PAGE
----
Coming to you live from the eighth week of winter...
Fall was not a thing for us this year. We had our first blizzard the last week of September. We've had over four more feet of snow since, interspersed with just enough warm weather to keep everything in a constant state of either knee deep or churned up frozen mud, when it's not buried under a layer of snow and ice. Today the sun shined, and then it rained, and now it is snowing again. We have every kind of weather except the good stuff.
I am officially giving up. No more dreaming that one of these days I'll click on the ten day forecast and see that we are going to get a stretch of warm, sunny days. No more fantasies of balmy Thanksgiving holidays. Winter is here so I might as well just deal with it--and that means admitting Christmas isn't all that far away.
And boy, do I have the perfect stocking stuffers for you.
Now that I have a PayPal account set up, I am finally able to offer personalized, signed copies of any of my books to customers in the United States. (Sorry, still can't deal with international shipping). Before I get too carried away, though, I'd like to get a feel for how many of you would be interested. And also, whether some of you might like to tune in to a live book signing on Facebook where I can chat and answer questions while I fill your orders and give away a few odds and ends to those who show up. If either of those sound appealing, shoot me a reply to this email and I'll start thinking about dates and times. Once I see if it's workable and have the details I'll let you all know.
In the meantime, in honor of all the times I've nearly busted my butt on the treacherous ground lately, here's a little smile to perk up your day.
A Good Wreck
I am happy to report that my shoulder finally seems to be healed up from the infamous haystack tarping incident back in August. The kind of wreck where, even as you’re falling, you’re thinking, “Wow, that was stupid.” Especially when I’d already warned my kid to stay off that part of the stack because, HELLO, the bales might not be real stable.
The good news is, I have once again been reminded to be more careful with myself in a way that did not require my son to practice his 911 protocol or involve surgical repairs. There’s nothing like a good wreck to drive the point home.
But wait! you exclaim. How can there be such a thing as a good wreck?
Let us consider an example. One night when I was fifteen, my dad yelled from the living room, “Run up and shut off the shop lights.” Since our shop is around a hundred yards from our house I thought it would be better to ride my bike. I discovered I was wrong at approximately the same instant the front wheel of my bike discovered the pothole in the gravel driveway, and I sailed over the handlebars. When I dragged my sniffling, bleeding self back into the house to rinse the grit out of a series of puncture wounds on my forearm, my mother walked over to the sink, inspected the damage and said, “I told you not to ride your bike in the dark.”
So much for sympathy. But I did not, in fact, ever ride my bike in the dark again.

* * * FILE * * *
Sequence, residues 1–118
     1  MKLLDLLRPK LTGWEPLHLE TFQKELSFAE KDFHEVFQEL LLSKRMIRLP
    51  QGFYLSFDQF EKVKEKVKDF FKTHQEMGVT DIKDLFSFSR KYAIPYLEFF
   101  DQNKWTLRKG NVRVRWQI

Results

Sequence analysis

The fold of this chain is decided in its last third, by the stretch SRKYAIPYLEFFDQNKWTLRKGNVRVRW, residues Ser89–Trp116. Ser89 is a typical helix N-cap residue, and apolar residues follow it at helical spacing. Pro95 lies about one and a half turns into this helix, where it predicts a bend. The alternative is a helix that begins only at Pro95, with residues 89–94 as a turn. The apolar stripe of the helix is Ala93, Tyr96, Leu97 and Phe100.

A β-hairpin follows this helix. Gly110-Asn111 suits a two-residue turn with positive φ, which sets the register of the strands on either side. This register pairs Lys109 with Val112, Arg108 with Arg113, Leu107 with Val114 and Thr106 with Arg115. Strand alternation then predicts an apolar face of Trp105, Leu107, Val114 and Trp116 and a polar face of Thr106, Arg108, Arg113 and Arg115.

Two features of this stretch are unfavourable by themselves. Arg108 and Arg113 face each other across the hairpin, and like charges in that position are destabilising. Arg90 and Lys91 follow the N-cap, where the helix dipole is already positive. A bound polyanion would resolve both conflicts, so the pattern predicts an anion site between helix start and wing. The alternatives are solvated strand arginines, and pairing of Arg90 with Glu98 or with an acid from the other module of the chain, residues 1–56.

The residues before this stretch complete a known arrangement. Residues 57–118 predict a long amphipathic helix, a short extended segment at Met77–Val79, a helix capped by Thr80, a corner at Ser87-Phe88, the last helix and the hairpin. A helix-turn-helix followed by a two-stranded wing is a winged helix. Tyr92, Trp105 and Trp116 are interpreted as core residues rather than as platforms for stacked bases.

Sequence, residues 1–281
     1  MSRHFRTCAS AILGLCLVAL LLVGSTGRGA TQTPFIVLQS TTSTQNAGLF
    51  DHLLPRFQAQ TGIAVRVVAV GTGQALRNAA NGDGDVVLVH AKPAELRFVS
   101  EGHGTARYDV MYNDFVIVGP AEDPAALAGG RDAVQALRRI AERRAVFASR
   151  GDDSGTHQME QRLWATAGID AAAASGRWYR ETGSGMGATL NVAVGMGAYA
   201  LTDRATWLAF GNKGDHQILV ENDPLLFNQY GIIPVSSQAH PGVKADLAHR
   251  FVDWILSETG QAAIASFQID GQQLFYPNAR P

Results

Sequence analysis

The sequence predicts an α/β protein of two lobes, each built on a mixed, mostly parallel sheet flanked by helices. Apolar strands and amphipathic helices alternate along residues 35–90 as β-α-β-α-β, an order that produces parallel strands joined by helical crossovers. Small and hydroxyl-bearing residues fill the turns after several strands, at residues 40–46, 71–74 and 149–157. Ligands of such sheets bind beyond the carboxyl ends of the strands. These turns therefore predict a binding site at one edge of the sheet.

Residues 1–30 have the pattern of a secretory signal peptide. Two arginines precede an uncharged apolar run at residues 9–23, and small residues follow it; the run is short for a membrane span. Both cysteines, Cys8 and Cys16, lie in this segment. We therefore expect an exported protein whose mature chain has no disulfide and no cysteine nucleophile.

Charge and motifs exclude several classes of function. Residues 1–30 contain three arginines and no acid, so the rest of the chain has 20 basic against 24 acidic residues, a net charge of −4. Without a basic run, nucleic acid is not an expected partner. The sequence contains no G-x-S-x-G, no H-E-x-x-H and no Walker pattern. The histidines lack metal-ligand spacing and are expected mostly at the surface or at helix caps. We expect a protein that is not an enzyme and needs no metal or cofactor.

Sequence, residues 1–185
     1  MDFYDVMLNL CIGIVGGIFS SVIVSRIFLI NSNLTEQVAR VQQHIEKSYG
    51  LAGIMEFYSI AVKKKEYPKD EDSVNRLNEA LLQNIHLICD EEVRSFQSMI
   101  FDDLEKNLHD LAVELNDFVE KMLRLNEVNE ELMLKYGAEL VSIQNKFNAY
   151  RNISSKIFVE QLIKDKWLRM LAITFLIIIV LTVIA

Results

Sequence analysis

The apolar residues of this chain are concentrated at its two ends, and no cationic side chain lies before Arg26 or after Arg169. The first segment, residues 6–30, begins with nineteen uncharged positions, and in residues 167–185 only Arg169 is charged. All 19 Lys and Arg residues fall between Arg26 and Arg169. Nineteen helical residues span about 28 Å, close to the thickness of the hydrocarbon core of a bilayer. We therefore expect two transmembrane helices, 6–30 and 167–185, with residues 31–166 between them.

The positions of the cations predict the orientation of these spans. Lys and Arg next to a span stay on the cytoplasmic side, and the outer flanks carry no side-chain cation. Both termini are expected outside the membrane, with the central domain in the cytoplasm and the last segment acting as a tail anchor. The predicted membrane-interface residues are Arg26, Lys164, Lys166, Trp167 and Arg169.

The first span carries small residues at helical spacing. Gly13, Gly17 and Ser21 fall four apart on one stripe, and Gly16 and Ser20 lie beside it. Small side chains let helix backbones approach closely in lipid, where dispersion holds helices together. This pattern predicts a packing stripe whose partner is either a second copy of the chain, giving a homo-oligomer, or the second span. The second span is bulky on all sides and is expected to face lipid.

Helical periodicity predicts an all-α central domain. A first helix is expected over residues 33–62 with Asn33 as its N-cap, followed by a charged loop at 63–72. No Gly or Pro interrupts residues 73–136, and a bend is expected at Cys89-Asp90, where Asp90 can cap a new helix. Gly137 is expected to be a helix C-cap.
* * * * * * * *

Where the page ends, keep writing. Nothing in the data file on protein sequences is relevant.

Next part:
Many, many years later, I have become a parent myself and I now understand the value of a good wreck. For those without children or those pretending you don’t know what I’m talking about, the definition is as follows:
A Good Wreck—An incident which inflicts enough pain to be memorable, but not so much as to incur medical bills or cause permanent bodily damage (though I would be more than happy to show you the scars on my elbow, thank you very much).
The parental hope is that a good wreck will impart a higher level of knowledge upon the child involved. In other words, you don’t want them to be hurt so bad that you feel guilty saying, “I told you so”, but you’re hoping it smarted enough that they don’t forget it any time soon.
Given my generally subdued nature, you might find it surprising to hear that I suffered a significant number of good wrecks in the process of growing up. A sprained wrist from trying to jump from the back of a moving horse onto the top of a steel barrel. Numerous bumps and bruises from falling out of trees and off fences, roofs, grain trucks and anything else remotely climbable. I also spent days scratching like a madwoman after using a roll of fiberglass insulation for a bucking barrel (it was so soft and bouncy!) and a pile of barley as a sand box. And that was all before I was exposed to my first set of monkey bars.
I recalled these various and sundry insults to my body as I inspected my then four year old child for evidence of broken bones one Sunday morning, while he sobbed and oozed blood into the gravel at the Nanton, Alberta rodeo grounds after slipping off the camper ladder, and ping-ponging off the front of the horse trailer and the pickup bumper. Scraped knees, black eye, bloody nose, but no sign of concussion. After I’d restarted my heart and taken many deep breaths, I made an attempt at sympathy. Really, I did. But once I’d determined I wasn’t going to have to find out firsthand exactly how much emergency healthcare costs a foreigner in Canada, I couldn’t stop myself. And yes, I did sound just like my mother when I said it.
“I told you not to play on the camper ladder. That was a pretty good wreck, huh?”
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